In some cases, family members say they have been delayed by Los Angeles County’s next-of-kin policy, which requires that the closest living relative be given time to claim the remains.

Mark Hooper, 49, of Lancaster, died in December of complications from hepatitis C. After his body went unclaimed, he was cremated at county expense.

At the time of his death, the carpet contractor was unemployed, ill, in debt and living near his parents in Lancaster.His 22-year-old daughter, Angelica Hooper, who lives in the San Diego area, said she intends to allow her grandparents to claim the ashes. She also said she’s been busy with work.

“I have to keep my mind on other things,” she said. “Just him passing was a lot to deal with.”

Carol Hooper, 70, a retired aircraft mechanic, said last week that her son struggled with addiction and had trouble holding down jobs. But, she said, he was also a kind, giving person who made many friends growing up in Redondo Beach. If her granddaughter does not claim the ashes, she will.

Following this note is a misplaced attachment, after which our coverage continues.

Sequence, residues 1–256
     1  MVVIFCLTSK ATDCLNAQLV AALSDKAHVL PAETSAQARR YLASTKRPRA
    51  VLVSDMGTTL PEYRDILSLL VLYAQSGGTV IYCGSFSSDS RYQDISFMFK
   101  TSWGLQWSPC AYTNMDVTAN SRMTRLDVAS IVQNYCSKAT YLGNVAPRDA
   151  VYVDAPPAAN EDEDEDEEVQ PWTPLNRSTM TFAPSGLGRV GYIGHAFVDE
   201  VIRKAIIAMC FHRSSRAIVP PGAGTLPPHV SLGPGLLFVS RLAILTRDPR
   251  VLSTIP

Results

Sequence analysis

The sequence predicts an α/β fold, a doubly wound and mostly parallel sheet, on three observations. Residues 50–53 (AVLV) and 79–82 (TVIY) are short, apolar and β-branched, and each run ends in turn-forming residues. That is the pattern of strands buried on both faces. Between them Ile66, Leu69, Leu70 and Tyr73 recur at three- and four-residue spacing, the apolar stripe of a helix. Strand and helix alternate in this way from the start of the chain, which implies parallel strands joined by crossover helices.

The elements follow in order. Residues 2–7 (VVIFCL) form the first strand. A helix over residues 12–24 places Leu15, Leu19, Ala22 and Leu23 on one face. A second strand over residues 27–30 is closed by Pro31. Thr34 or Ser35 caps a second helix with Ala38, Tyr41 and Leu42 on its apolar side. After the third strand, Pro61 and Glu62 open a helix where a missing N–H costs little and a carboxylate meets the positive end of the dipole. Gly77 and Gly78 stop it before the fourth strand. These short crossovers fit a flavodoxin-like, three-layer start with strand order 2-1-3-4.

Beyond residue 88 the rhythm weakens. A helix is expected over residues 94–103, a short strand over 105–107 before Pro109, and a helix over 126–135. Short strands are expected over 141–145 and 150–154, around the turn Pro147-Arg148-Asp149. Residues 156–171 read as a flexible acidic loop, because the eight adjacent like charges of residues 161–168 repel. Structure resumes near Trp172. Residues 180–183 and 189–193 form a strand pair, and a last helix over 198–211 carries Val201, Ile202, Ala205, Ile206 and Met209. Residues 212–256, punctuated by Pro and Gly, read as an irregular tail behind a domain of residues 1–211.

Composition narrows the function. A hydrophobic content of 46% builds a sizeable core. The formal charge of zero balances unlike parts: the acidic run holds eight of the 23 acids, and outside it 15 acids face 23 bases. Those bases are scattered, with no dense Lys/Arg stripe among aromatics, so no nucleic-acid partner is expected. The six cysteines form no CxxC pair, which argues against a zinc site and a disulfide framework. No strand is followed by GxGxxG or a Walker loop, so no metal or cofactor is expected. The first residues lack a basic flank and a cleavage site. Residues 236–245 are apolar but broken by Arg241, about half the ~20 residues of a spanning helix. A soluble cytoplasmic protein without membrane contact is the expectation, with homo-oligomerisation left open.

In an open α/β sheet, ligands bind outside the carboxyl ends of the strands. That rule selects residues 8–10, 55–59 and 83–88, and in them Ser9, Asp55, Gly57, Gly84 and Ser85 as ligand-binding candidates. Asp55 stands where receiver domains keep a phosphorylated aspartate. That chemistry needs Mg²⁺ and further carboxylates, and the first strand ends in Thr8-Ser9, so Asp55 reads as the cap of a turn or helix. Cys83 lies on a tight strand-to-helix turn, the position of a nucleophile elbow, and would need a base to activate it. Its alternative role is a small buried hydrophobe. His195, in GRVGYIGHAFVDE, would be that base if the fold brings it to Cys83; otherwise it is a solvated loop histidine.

“We’re not rich; we’re retired,” Hooper said. “But we’ll make it for him.”

In Massachusetts, Christopher Agosta’s sister said she, too, is determined to do the right thing.

“He is my brother,” Tarnya Baker said. “He died alone. I’m bringing him home.”

She has two years to claim his remains. If she doesn’t, Agosta’s ashes will be buried with those of hundreds of others in a pauper’s grave.

Article By: molly.hennessy-fiske@latimes.com

Photo By: Anne Cusack / Los Angeles Times

Photo Caption: Albert Gaskin, caretaker at Evergreen Cemetery in Los Angeles, looks over the cremated remains of unclaimed bodies.